Tracey’s experience was from 2008. LGBT rights in the UK have grown markedly stronger since then, yet hate crime reporting is on the increase according to Stop Hate UK; this may mark confidence in reporting or show something more sinister. Stop Hate UK still estimate that in the UK hate crime related to sexual orientation is a daily occurrence and are confident that gender identity hate crimes remain significantly under reported. Race, Ethnicity and Nationality related incidents were the most commonly reported Hate Crime strand this year. Hate Crime Awareness Week is over now, but it’s important that we always remain vigilant and challenge persecution, hate and oppression where we see it. It’s important that we carry on raising awareness and campaigning for the right support for those who become a victim. We must support those in our community who need it and welcome those who need a community. My life has changed dramatically since I joined the Pink Singers, having access to such a warm and supportive group, with countless strong role models mean that I’m now able to feel confident about my identity in a way that I don’t think I ever was before. I’m so pleased knowing that the Rainbow Singers Across Borders are able to offer that same sense of community to those newly arriving in the UK who have had to abandon their homes to escape persecution. I am pleased that we have been able to welcome them in our community and I hope we continue to make joyous music together.
Simon Harrison, Tenor, summed up what the experience meant for him: “It was such a pleasure to meet the Rainbow Singers Across Borders. It made me aware of something very important: that it takes an effort to reach out and welcome the stranger – our instinct might be to turn to the familiar and not risk a potentially awkward moment that comes when two worlds meet; but the risk is worth it! We are changed and enriched by our contact with what appears to be “different” and it stretches our sense of who we are. As Herbert led us in learning one of their songs with his warmth and generosity and the two choirs mixed together, I could feel hearts softening, smiles broadening, and souls opening. I hope we all find safe places where we are welcomed and in which to grow and prosper.” So, if the Pink Singers had a hammer what would we do? Building bridges and creating those safe spaces seems a great place to start.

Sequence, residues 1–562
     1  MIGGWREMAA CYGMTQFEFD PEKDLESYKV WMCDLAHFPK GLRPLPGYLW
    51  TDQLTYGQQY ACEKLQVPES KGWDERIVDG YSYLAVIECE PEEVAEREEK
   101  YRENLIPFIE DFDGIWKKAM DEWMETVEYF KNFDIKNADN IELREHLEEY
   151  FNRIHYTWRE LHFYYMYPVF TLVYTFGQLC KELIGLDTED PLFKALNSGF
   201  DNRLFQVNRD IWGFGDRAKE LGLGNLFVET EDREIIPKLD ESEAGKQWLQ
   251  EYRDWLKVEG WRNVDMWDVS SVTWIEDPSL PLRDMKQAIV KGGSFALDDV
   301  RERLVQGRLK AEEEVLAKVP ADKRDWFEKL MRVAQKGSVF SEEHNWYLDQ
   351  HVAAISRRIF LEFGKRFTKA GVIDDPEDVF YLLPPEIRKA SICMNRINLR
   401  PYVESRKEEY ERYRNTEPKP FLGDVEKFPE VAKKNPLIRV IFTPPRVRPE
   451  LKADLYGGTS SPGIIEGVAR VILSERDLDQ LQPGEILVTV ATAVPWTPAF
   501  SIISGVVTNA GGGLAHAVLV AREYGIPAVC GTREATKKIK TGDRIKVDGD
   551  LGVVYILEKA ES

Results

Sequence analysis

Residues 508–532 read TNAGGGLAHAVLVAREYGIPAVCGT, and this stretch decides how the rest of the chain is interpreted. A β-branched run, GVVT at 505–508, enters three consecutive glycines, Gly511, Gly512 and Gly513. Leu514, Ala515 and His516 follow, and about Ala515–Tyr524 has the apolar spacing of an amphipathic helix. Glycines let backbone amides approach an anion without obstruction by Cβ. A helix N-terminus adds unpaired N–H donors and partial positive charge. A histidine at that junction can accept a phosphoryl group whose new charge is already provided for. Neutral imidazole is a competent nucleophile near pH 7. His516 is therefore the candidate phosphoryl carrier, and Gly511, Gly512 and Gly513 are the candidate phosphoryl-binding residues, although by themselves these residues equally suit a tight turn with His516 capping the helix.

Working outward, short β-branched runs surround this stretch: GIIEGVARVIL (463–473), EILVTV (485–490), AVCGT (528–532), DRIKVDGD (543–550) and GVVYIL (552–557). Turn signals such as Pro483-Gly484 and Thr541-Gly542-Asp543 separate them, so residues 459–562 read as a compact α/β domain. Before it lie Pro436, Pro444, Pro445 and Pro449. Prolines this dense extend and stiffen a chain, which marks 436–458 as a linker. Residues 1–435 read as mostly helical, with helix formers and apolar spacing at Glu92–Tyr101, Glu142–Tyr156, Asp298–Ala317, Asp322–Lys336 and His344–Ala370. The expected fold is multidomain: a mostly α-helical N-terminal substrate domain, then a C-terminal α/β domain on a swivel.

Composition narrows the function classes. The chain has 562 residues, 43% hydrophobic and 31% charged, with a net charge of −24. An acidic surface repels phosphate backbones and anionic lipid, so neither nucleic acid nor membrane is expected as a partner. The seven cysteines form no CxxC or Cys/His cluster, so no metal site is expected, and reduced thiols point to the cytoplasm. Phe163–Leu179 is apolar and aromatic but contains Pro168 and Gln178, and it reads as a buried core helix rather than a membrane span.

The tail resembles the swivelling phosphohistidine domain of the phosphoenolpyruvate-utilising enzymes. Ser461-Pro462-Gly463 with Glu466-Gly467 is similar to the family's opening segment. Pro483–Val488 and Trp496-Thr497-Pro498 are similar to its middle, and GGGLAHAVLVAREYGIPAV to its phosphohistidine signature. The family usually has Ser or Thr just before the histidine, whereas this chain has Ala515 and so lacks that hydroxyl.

Our weekends away have become a real highlight of the Pinkie calendar and this year’s was no exception. Alto Kirsten gives the low down on an epic weekend of singing, stretching, eating, human hungry hippo’ing, cavorting and bonding. Thanks to everyone for mucking in and making it magic… Well well well. What a weekend that was! We are still recovering from our annual residential, which took place this year in the aptly named Carroty Wood, in deepest darkest Kent. We arrived on Friday evening and settled into our rooms, slightly unsure at first if we were on a choir jaunt or geography school trip. Things swiftly got underway however with soup (carrot, of course), sparklers and singing around the bonfire. What a wonderful start! Bright and early on Saturday morning a breakfast feast greeted us – thanks to our incredible Mama Tanya, who slaved away in the kitchen all weekend to keep us going. We then got to work and were lucky to be led in workshops by accomplished soprano Andrea Brown who, amongst many things, taught us about vowel sounds, honing our oohs and aahs into perfection. I really enjoyed Andrea’s approach and know we will be certainly putting the techniques we learned to use in our upcoming concert! We also had a chance to brush up on choreography with our wonderful artistic team. I think the basses enjoyed these moves a little too much…?! Late afternoon came the highlight of the weekend for me – the masterclass. Two Pinkies bravely put themselves forward to sing under the watchful eye of Andrea, who gave tips and teaching in front of us all. Newbie soprano Clare was first up – what a voice! It was really interesting to hear even more come out of her performance with Andrea’s suggestions; her delivery of the song really changed as her engagement with the words developed. Next up was tenor Simon Harrison, who gave us all a beautiful rendition of West Side Story’s ‘Somewhere’ – there wasn’t a dry eye in the house after that one! Andrea also explained how to deal with last minute nerves and tension, and how to use emotion to make more of your performance. After enjoying another wonderful feast – thanks again to Tanya, her helpers Teddy and Simon W, and the rest of the intrepid cooking crew – the fun really started. The evening kicked off with the ‘open mic’ performances, opened and compered by the fabulous Simon H, Phil and Michelle. Several excellent performances followed – what a talented bunch! The party then got underway, with the theme “The Enchanted Wood” – what a sight to behold! We had gnomes on toadstools, red riding hoods, Robin Hoods, plenty of fairies – and of course a couple of carrots too! The revelry continued into the night, with plenty more singing, dancing and merriment. Sunday morning didn’t involve any singing – the team clearly knew better! Instead we had a choice of fun activities to choose from – from rope climbing (let’s not ask what happened to Simon H’s shorts in that one!), swimming, our very own Bake-Off, judged by the glamorous ‘Marky Berry’ and ‘Tanya Hollywood’, prop making for our winter concert – and human hungry hippos! With only four injuries, that one was definitely a resounding success! The day continued with rehearsals led by our Musical Director Murray Hipkin and fantastic music team, and some more choreography practice. As always this was interspersed with plenty more sustenance – we were certainly well looked after! After all pitching in with the final clean up, we then trundled into our chariots to make our way out of the enchanted forest and back into reality. Boooo….until next year! The whole weekend was put together by our fantastic events manager Mark – what an incredible job he did. We can’t thank him enough! Here he is with the wonderful Tanya, who I may have already mentioned worked really hard to keep us fed and watered all weekend. Thank you both! Click here to see more photos from the weekend!